The Jewish Imperative to Cultivate Courage



Without courage we cannot practice any other virtue with consistency. We can't be kind, true, mercifulgenerous, or honest.

—Maya Angelou.[1]


Courage, at its heart, is the trait that underlies every other. Now, this may seem counterintuitive. If one was to look at the classical character traits (what we refer to in Hebrew as middot), courage is not listed among the most normative or noble attributes. Courage does not necessarily impart anivut (humility); it may be only tangentially related to simha (joy); and it may actually be counterproductive to inculcating savlanut (patience). But, without courage, would we be able to go out into the world and fulfill our soul’s potential? Without the spark that illuminates the challenging path called experience, would we be able to satiate the desire to learn and grow? 

It is important to make a disclaimer. Courage is not reserved for the likes of Martin Luther King, Nelson Mandela, Rosa Parks, or David Ben-Gurion. Each of us has opportunities for courage every day. Further, courage does not require putting the entirety of one’s life at risk. We do not need to have the temerity of someone like Nahshon ben Aminadav, who walks into the water hoping that God intervenes and creates a miracle. In fact, the rabbis teach that we may not solely rely on miracles if we are to be present in the world.[2] There is no virtue in taking senseless risks that put our lives or our family’s financial or emotional well-being in jeopardy. There is great risk in staying too comfortable and not changing, but there is also great risk in making ourselves and others too uncomfortable and demanding too much change too quickly.[3]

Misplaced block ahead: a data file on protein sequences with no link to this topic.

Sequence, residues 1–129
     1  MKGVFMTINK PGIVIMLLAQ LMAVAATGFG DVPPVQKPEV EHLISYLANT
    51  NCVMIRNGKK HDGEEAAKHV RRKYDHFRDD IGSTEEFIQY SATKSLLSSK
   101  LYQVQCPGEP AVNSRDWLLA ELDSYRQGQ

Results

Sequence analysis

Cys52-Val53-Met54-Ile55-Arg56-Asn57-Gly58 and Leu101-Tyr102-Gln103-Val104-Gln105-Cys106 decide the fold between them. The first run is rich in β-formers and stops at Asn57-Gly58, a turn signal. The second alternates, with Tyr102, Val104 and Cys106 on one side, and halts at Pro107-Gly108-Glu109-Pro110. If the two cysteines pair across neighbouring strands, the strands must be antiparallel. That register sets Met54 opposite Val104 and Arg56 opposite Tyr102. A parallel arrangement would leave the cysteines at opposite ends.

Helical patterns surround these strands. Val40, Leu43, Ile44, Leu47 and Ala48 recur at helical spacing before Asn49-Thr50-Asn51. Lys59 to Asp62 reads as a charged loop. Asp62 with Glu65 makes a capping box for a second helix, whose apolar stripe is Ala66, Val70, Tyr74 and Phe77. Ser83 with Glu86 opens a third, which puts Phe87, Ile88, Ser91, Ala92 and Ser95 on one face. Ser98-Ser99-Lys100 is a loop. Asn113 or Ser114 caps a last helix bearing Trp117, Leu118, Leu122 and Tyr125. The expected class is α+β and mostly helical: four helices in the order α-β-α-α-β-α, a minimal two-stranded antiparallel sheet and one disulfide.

In the following essay, we will explore eight variations on the types of courage that are necessary to excel at all other character traits. The following pages are by no means a comprehensive or definitive summation of Judaism’s ethical view toward courage, nor is it a list of categorical bromides. Rather, the eight classifications are based on my personal experiences and anecdotal meditations on the subject. In truth, the inherent definition of courage on display here will play with many facets of the term in a loose, deconstructionist manner. These characterizations will work in concert with each other and clash against each other; such is the nature of the word. Thus, this piece acts a stepping stone to place courage in the broader context of Jewish ethics. 


Courage of Being


The first category of courage is, at the most basic level, to understand that each of us is unique. Inherent in that uniqueness is the mandate to do extraordinary feats that will, in some way, change the world. While one of the great mysteries of existence is to unlock our innermost strengths, we never achieve these strengths if there’s an inability to possess self-value.

Peer pressure and the desire to fit in and to be loved are powerful emotions. But they are also crippling. Somewhere in the world, someone will despise you. It could be for your skin color, your religious beliefs, your favorite sports team; this litany of petty excuse to hate a fellow person is staggering. In the end, this is only noise; static in the ether. In this case, courage here means to have the courage to strive to be our authentic self. But how do we achieve this seemingly straightforward imperative? First, we have to realize that it takes enormous courage to hold ourselves accountable to our potential. Rabbi Abraham Joshua Heschel breaks down the essence of this potential in a beautiful biblical metaphor: